Business Rates Experts at Colliers Applaud that the Government has finally listened over Business Rates- by Freezing the Multiplier and No Downwards Transition for the 2023 List
The Government seems finally to have listened to our concerns over business rates in its Autumn Statement today.”
says John Webber Head of Business Rates at Colliers. “And at last provided a major shot in the arm for the high street.”
“The removal of the downward phasing of rates bills in particular will mean they will more accurately reflect the values of these properties.”
In today’s Budget the Chancellor announced that the government has recognised that businesses are facing significant inflationary pressures and set out a package of targeted support to help with business rates costs worth £13.6 billion over the next 5 years.
- The business rates multipliers will be frozen in 2023-24, at 49.9 pence (for small businesses) and 51.2 pence, preventing these from increasing in line with inflation? According to the government this is a tax cut worth £9.3 billion over the next five years and will support all ratepayers, large and small, and will mean bills are 6% lower than without the freeze, before any reliefs are applied.
- Upward transitional relief caps will provide support to ratepayers facing large bill increases following the Revaluation, which is due to be announced on Monday. This £1.6 billion of support will be funded by the Exchequer rather than by limiting bill decreases, as at previous revaluations. The ‘upward caps’ will be 5%, 15% and 30%, respectively, for small, medium, and large properties in 2023-24, and will be applied before any other reliefs or supplements.
- No downward transition for those businesses whose rateable value have decreased following the Revaluation . Instead, ratepayers will see reductions to their rate bills immediately. According to Colliers who have long been campaigning against downwards transition, this is a major boost for the retail sector. Colliers had estimated if implemented, downward transition would have cost the sector an extra £2.7 billion more in their rates bills during the three years of the list than they should have paid.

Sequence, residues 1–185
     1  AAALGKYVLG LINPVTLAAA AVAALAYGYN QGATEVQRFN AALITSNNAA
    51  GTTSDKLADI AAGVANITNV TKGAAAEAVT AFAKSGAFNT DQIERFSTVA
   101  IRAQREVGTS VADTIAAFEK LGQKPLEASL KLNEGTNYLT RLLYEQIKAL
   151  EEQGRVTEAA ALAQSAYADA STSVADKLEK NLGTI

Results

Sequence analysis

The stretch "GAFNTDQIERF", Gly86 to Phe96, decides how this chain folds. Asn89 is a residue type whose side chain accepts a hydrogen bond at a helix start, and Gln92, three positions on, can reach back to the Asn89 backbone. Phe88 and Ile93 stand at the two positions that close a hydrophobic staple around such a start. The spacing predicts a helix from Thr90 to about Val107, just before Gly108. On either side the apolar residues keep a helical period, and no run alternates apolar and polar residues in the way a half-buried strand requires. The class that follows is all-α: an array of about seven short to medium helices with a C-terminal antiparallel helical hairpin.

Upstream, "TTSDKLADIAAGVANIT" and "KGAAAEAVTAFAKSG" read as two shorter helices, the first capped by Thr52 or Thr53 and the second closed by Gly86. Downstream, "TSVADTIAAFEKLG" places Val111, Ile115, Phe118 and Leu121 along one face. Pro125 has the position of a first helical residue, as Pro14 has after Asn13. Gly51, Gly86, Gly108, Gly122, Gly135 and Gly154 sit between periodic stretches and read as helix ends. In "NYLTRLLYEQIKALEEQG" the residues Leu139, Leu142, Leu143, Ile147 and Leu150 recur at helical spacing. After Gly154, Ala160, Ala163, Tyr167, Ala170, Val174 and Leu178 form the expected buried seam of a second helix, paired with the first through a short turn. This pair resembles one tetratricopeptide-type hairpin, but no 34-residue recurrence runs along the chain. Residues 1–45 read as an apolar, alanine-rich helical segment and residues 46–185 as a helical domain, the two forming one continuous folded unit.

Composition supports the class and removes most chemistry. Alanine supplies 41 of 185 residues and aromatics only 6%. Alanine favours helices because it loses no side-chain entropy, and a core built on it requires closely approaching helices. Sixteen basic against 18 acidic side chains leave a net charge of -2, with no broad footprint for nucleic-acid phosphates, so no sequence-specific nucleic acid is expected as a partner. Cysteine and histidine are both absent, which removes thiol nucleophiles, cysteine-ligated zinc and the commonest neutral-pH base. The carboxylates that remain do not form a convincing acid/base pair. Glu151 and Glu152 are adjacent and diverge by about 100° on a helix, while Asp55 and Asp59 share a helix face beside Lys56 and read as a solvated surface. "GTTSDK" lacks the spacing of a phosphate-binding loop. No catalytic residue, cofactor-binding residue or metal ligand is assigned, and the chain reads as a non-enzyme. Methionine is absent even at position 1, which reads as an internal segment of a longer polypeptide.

- The current relief for retail, hospitality and leisure sectors will be extended and increased- from 50% to 75% business rates relief up to £110,000 per business in 2023-24. The government has said around 230,000 RHL properties will be eligible to receive this increased support worth £2.1 billion.
- There will be additional support provided for small businesses with bill increases for the smallest businesses losing eligibility or seeing reductions in SBRR or Rural Rate Relief (RRR) capped at £600 per year from 1 April 2023. The government says this support is worth over £500 million over the next 3 years and will protect over 80,000 small businesses who are losing some or all eligibility for relief. This means no small business losing eligibility for SBRR or RRR will see a bill increase of more than £50 per month in 2023-24.
In addition, the government has announced:
- No Online Sales Tax (OST) – Following consultation, the government has decided not to introduce an OST reflecting concerns raised about an OST’s complexity and the risk of creating unintended distortion or unfair outcomes between different business models.
- Business Rates – Improvement Relief – At Autumn Budget 2021 the government announced a new improvement relief to ensure ratepayers do not see an increase in their rates for 12 months as a result of making qualifying improvements to a property they occupy. This will now be introduced from April 2024 and will be available until 2028, at which point the government will review the measure.
- English Local Authorities will be fully compensated for the loss of income as a result of these business rates measures and will receive new burdens funding for administrative and IT costs.
John Webber, Head of Business Rates at Colliers said, “ It is with massive relief that the government has finally listened to us and other industry bodies about out-of-control business rates rises following the next Revaluation.
“By removing any downward transition, the government has finally recognised that the business rates system cannot be revenue neutral without causing significant hardship.
“Rates bills for those in the troubled retail and hospitality sectors should now reflect the economic situation and drop in rents that we have seen in the market. Freezing the multiplier is a big positive, as is capping rates rises. Businesses now will be able to sensibly plan ahead for 2023. “
The Government still needs to stick to its manifesto commitment of reducing the overall burden of business rates- but this is a step in the right direction and is hopefully a new chapter in the relationship with Government and Business going forward.”
“All we can hope for now is the Valuation Office Agency (VOA) has correctly assessed the values– we will know next week !!”
“I take my hat off to the Government. This is a major boost to the high street and to businesses in general and a fair appreciation of the economic situation. It shows that our campaign on behalf of business has been worth it.”